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In Des Moines News

New skyscraper to provide affordable housing downtown

THE ABANDONED Kaleidoscope at the Hub mall, located along Walnut Street in downtown DSM, was demolished this past summer to make way for the new 33-story affordable housing apartment complex. graphic BY Meghan Holloran | photo editor

A new skyscraper project is underway at 515 Walnut St. in downtown Des Moines that will provide several apartment units at affordable rates. According to Deputy City Manager Matthew Anderson, the goal of this project is to continue to develop housing in the city available at a wide range of costs.

The skyscraper is currently projected to cost over $130 million and will hopefully be completed by 2026, Anderson said. It will be built on the lot of the former Kaleidoscope at the Hub mall. 

In line with current plans, the 33-story tower will hold roughly 390 apartment units of different sizes, said Whitney Baethke, the city’s economic development coordinator. Additionally, she said the Des Moines City Council requires a certain amount of affordable housing units in city-funded projects.

Baethke said the standard ask for projects like this is that 10% of units available in the new skyscraper must be affordable to people making only 80% of the city’s area median income, also known as median household income. The Department of Housing and Urban Development lists the median household income for the Des Moines-West Des Moines Metro Area at $105,600 for an averaged-sized family (four people). Currently, the skyscraper is exceeding its requirement, with 90 units set to be available at only 50% AMI, according to Baethke. 

Knowing that the demand for downtown housing is high, Anderson said the city’s goal is to keep options open to people of any socioeconomic status.  

“The entire metro is in need of affordable housing…we’re in need of housing and at every price point,” Anderson said.

Right now, Anderson said the city is in good balance when it comes to providing housing to its constituents, and they are working to provide housing to all demographics. Baethke said mixed-income housing is the best way to go about this.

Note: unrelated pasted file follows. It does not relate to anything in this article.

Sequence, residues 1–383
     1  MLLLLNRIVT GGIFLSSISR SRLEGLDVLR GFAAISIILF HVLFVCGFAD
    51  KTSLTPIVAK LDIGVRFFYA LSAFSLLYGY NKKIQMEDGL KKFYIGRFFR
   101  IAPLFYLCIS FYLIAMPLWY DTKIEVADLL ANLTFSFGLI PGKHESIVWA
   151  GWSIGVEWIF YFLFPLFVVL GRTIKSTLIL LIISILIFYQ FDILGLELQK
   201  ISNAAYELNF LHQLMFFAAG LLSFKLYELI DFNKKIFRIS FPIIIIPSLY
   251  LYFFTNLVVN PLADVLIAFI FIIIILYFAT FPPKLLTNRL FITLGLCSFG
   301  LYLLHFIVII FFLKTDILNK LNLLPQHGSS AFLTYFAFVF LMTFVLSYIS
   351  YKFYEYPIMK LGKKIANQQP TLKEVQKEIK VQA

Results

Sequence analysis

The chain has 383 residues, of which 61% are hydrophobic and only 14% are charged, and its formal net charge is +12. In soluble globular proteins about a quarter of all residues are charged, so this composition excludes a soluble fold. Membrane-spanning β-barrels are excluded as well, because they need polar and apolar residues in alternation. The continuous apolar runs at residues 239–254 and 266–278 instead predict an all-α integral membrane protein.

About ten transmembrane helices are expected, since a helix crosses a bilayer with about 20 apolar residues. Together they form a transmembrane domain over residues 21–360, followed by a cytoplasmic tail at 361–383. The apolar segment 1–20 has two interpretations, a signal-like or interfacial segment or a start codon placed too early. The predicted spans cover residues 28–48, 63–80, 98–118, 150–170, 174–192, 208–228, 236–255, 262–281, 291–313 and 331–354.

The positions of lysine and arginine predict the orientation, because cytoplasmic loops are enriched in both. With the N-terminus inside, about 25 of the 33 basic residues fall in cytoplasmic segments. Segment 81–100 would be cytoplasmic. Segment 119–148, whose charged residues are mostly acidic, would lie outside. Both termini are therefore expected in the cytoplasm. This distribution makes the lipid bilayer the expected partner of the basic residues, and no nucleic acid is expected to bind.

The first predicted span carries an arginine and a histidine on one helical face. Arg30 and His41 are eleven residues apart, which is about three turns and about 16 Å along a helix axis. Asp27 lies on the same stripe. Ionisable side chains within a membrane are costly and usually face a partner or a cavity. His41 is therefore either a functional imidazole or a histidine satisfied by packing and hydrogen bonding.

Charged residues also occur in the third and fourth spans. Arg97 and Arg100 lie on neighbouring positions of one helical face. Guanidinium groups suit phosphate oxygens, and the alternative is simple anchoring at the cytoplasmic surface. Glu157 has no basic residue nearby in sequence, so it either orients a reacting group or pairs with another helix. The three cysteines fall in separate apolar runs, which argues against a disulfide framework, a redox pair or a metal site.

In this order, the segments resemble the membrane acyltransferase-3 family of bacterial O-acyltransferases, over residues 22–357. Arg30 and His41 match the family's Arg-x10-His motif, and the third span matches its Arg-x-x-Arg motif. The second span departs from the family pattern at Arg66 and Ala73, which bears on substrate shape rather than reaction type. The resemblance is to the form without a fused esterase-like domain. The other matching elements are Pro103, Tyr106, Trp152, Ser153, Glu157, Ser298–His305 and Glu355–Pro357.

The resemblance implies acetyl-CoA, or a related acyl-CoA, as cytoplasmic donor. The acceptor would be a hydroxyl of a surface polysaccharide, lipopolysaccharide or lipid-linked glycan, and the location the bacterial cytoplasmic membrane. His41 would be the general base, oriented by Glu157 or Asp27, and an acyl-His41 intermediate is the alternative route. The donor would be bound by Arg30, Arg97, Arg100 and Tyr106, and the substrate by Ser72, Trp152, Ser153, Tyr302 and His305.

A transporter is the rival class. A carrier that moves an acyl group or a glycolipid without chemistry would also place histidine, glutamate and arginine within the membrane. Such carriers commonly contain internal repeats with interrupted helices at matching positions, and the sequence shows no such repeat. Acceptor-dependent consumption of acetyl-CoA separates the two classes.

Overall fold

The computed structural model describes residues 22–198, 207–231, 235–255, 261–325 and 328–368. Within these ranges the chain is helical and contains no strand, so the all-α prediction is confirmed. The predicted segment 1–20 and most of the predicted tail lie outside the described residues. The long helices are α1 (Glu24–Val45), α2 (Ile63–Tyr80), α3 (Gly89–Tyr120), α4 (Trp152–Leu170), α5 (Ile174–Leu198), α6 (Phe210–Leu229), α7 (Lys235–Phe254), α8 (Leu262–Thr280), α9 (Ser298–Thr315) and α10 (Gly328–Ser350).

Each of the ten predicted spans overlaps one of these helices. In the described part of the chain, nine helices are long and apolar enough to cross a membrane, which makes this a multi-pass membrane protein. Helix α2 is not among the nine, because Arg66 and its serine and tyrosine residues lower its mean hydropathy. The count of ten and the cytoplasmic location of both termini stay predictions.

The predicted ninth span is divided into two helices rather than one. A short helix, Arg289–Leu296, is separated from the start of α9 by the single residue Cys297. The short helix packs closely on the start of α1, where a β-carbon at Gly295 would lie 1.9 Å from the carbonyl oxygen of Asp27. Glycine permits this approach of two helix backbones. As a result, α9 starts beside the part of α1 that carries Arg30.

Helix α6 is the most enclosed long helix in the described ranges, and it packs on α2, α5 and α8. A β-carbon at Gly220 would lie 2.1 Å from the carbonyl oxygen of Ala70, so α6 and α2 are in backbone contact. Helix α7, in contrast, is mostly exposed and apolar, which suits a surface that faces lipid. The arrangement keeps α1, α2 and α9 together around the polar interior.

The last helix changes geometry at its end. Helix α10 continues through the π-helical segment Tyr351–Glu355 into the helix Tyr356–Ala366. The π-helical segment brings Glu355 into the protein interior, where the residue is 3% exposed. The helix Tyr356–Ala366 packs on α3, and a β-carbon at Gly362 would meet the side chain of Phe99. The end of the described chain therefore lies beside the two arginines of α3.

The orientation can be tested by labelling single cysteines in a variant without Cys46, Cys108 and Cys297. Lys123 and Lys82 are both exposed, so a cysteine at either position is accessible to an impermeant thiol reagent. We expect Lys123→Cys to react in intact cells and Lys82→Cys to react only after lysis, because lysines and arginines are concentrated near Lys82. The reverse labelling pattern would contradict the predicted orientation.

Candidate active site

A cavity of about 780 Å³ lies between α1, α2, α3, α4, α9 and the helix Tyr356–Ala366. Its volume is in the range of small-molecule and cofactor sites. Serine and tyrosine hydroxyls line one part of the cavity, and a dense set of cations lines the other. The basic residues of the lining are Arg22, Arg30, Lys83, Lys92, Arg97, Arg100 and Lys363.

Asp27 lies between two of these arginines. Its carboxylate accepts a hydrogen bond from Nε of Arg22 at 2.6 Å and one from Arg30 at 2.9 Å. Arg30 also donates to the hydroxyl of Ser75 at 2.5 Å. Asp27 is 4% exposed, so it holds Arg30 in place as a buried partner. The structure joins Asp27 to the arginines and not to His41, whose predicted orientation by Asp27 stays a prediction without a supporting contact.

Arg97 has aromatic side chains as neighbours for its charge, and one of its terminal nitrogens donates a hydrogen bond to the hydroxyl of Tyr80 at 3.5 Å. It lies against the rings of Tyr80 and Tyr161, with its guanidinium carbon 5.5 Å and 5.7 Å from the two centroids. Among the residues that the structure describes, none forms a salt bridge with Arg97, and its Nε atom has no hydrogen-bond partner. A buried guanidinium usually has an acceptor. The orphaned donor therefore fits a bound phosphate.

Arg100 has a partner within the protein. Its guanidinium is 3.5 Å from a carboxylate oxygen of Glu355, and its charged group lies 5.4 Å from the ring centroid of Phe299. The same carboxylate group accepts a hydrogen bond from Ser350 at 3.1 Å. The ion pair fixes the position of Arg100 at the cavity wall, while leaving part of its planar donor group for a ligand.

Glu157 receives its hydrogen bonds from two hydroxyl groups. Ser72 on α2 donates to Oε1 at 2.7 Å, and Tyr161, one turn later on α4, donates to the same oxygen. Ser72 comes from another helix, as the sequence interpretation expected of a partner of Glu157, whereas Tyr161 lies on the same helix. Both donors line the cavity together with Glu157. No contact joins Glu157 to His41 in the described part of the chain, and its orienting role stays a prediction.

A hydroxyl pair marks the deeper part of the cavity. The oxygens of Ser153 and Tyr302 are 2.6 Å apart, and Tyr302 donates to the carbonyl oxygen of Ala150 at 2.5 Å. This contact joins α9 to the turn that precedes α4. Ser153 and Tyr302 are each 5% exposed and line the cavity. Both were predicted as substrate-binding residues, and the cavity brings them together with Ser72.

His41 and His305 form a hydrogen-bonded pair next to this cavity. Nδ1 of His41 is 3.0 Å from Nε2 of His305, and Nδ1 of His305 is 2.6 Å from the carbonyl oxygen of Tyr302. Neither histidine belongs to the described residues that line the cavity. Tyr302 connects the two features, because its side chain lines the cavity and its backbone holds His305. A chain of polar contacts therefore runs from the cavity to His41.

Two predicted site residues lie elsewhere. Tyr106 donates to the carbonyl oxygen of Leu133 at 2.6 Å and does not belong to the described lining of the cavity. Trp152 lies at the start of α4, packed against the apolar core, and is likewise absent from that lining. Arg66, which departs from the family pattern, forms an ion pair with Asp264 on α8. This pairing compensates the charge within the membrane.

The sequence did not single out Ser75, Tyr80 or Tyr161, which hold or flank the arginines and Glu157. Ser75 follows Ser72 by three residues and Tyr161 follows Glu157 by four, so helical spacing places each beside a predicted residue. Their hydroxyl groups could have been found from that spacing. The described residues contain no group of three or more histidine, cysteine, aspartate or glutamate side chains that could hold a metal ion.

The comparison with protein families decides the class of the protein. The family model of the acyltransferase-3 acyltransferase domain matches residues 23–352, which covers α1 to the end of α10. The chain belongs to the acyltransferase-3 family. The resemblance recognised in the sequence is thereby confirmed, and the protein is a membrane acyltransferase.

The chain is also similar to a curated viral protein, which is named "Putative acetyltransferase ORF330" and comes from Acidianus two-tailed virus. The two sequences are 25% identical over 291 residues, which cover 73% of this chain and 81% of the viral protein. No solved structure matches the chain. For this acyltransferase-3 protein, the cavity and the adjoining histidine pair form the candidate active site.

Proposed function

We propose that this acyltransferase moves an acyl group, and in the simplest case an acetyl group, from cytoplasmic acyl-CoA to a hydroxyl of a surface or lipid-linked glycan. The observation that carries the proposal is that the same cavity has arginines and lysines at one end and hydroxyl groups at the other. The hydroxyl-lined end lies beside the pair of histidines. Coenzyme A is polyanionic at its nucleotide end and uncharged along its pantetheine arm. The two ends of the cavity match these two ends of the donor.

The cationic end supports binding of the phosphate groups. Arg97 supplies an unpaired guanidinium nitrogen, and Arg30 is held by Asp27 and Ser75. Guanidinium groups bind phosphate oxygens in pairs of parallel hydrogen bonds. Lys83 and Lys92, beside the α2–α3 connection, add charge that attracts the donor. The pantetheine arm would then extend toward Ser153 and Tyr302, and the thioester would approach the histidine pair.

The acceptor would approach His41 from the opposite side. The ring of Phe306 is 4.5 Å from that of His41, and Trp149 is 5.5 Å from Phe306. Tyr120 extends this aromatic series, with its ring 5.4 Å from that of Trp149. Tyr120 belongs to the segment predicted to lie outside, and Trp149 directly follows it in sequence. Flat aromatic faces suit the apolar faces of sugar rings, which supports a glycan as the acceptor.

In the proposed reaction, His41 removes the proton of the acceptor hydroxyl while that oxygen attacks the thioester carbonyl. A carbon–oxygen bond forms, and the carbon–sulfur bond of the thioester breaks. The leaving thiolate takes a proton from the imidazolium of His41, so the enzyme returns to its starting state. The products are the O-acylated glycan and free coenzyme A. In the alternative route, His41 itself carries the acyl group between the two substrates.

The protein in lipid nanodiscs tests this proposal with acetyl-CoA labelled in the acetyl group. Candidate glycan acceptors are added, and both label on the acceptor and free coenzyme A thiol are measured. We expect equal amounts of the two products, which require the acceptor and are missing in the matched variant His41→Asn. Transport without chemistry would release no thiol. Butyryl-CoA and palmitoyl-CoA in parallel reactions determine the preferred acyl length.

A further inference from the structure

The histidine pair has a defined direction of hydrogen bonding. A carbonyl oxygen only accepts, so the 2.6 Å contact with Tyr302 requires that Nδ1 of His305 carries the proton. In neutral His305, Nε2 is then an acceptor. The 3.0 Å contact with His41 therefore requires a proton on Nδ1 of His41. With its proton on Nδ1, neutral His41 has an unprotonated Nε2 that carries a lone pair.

Anderson added that more housing downtown will hopefully draw in people who want to live near where they work, as well as people who want to live in the city but commute elsewhere.

“I think it will appeal to a broad range,” he said.

Anderson said this includes college students and recent college graduates.

For new college graduates, finding ideal city housing can be intimidating, said junior Amber Hussain. Hussain ideally wants to live downtown after college so she can be immersed in the city life.

“One thousand percent I would move into a skyscraper,” Hussain said.

Hussain thinks Des Moines is already much more affordable than other big cities in the United States, such as Chicago or Los Angeles, if rent stays on the lower end of the spectrum — as she wouldn’t want to have to dip into her savings right away to pay for downtown housing. She stated that her ideal monthly rent would be somewhere between $500 and $600.

“If I were going to have a chance at affordable housing, [Des Moines] would be it,” Hussain said.

She thinks the housing options that continue to pop up in downtown Des Moines show the area is a great place for young adults. This aligns with Anderson’s point that the city welcomes people of any age, demographic and socioeconomic status.

Although they cannot say for sure what rent will look like until the project is finished, Baethke and Anderson agree that this project will bring people of all socioeconomic statuses a “great opportunity” for downtown housing.

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